When you broadcast or publish something, you make it public, and the fact that you have done so is public information. Once it’s out there, you don’t have control over the way people approach it. They can reference it, describe it, praise it or blame it, and quote bits of it by way of illustrating their points, just as they please. This is Fair Use, seen here (for once) in its native habitat. It’s also freedom of speech. It’s the public discourse. It’s what NPR used to stand for.
There’s another point that’s so far been overlooked in the general furor, which is that NPR’s attempts at control go beyond requiring permission to link to their pages. Here’s a link to their Request permission to link to NPR form, in case you want to follow along. In fact, here’s A WHOLE BUNCH OF LINKS TO IT, . . . . . . . . . . . . . . . . . . . . . . . . . . . . . . . . . . . . . . . . . . . . . . . . . . BWAH-HA-HAH! . . . . . . . . . . . . . . . . . . . . . . . . . . . . . . . . . . . . . . . . . . . . . . . . . . So there!
Their form begins, “Linking to or framing of any material on this site without the prior written consent of NPR is prohibited.” This is wishful thinking, but they’re counting on people taking it to mean “prohibited by law”; which on the one hand is simply not true, and then again on the other hand is a shabby, disingenuous piece of weaseling.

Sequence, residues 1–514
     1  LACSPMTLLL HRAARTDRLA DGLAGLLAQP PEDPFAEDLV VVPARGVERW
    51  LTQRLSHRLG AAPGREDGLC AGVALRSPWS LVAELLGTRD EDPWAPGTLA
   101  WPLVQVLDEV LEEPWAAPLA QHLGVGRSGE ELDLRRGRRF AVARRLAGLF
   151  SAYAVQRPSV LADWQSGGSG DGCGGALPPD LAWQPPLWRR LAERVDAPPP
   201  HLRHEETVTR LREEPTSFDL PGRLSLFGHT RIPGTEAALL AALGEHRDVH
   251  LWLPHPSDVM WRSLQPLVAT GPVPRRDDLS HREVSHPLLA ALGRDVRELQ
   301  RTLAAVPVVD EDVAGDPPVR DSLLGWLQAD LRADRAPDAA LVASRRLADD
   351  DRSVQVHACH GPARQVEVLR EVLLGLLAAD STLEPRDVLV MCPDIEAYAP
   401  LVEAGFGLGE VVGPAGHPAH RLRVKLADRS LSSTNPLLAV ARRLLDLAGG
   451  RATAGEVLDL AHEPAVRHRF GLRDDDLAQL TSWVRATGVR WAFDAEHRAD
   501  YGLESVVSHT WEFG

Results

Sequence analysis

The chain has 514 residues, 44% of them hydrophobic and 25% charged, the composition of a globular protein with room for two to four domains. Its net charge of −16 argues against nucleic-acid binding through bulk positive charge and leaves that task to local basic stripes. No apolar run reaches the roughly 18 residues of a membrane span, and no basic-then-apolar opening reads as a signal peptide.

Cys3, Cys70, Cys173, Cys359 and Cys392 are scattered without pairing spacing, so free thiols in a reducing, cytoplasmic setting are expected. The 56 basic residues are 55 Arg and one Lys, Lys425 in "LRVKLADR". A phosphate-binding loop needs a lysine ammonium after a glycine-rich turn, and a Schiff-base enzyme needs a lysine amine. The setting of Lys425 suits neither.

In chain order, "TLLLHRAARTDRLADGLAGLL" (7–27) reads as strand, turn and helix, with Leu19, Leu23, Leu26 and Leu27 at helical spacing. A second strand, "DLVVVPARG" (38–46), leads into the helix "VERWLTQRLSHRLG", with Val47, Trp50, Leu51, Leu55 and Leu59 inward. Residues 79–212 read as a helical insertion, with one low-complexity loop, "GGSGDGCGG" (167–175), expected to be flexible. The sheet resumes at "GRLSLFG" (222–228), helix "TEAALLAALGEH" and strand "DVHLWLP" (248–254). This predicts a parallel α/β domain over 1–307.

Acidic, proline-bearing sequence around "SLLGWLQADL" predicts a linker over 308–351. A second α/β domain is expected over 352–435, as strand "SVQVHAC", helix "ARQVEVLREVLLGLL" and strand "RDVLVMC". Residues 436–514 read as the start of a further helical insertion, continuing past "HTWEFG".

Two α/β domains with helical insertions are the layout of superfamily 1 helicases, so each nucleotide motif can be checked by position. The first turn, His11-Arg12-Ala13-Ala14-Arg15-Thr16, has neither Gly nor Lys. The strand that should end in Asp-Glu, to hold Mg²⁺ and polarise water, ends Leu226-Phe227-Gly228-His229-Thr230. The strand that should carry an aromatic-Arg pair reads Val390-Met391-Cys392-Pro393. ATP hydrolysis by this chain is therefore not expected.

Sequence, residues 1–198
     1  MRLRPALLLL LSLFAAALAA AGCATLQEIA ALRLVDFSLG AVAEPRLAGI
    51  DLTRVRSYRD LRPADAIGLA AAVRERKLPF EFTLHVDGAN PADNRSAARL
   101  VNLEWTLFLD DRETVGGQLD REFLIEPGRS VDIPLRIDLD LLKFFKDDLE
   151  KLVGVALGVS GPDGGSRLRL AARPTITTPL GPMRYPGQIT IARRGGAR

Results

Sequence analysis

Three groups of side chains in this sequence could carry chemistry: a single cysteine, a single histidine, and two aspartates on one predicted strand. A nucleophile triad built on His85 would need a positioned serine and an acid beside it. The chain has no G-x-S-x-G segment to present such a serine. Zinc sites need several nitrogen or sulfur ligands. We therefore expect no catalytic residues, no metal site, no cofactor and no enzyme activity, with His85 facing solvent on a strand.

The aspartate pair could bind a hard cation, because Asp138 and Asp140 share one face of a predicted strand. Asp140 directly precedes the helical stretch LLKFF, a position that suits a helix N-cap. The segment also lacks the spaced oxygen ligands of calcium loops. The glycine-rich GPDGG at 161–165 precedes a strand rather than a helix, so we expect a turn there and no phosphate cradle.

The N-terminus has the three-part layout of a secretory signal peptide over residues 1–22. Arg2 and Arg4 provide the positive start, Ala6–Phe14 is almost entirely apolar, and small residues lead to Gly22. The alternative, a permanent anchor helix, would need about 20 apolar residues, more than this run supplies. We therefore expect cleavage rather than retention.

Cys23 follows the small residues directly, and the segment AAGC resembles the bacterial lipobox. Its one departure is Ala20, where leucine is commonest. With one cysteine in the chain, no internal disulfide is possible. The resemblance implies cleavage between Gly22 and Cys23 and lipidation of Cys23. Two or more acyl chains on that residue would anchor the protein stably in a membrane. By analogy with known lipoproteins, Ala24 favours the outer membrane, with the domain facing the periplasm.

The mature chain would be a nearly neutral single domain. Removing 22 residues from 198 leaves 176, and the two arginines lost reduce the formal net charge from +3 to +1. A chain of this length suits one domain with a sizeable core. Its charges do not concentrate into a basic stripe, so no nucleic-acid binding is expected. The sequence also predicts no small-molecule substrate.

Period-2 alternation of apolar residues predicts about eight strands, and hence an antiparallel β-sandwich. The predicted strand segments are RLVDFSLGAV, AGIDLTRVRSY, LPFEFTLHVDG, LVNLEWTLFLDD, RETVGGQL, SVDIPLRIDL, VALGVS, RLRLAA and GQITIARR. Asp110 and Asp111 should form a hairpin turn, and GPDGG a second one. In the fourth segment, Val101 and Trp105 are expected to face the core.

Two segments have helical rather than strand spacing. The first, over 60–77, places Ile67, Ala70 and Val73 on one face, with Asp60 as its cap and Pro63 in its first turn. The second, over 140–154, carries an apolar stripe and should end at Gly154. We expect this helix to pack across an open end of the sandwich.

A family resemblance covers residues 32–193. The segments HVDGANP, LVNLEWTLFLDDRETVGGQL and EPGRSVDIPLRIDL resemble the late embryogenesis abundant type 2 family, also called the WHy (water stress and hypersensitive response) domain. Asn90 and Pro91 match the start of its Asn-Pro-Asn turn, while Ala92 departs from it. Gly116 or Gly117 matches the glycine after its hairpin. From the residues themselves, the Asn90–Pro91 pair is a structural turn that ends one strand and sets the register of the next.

The form then asks for your name, e-mail address, phone number, home page URL, the URL of the page on which the reference will appear, and the NPR content that will be linked from the page. They ought not be asking at all, but it’s still just information about the link.
But the next thing they ask for is the “Proposed wording of the link and accompanying text”, and that is plain flat-out none of their business. We are not in the world of reprint permissions here. This is the universe of public discourse, and I’m hard-pressed to see that question as anything but an attempt at prior restraint.
Next they want to know how long the link will be up, and whether you’ll be using the NPR logo in connection with it. These questions make me wonder whether an earlier version of this document originated in their publicity department, but they aren’t otherwise interesting.
The last section, “Information about the entity that controls the Web site”, is a gross imposture. It’s one thing to put a questionnaire on the web that asks for more information than people really ought to give. Most people won’t, and some will; but asking is within the rules. It’s another thing for NPR to ask for data that is not theirs to demand, under the clearly implied but wholly false representation that they can deny permission to link to their site to anyone who fails to furnish it.
This information includes: The controlling entity’s formal name. Their mailing address. Please describe the entity’s principal activities. Is this entity a[n] individual, partnership (give the full name of at least one General Partner), for-profit corporation (incorporated in which state?), not-for-profit corporation (ditto), government agency, or other (please specify)? Contact information for the person who will maintain the link: full name, e-mail address, phone, fax.
No kidding, suckers? Give me the password for your webmaster’s personal e-mail account plus a map showing the location of all his cool toys, and maybe I’ll tell you. I don’t think they asked Patrick for that much info when they had him on All Things Considered. I know for sure they didn’t tell him that he couldn’t link to his own words from his own webpage without their prior written consent.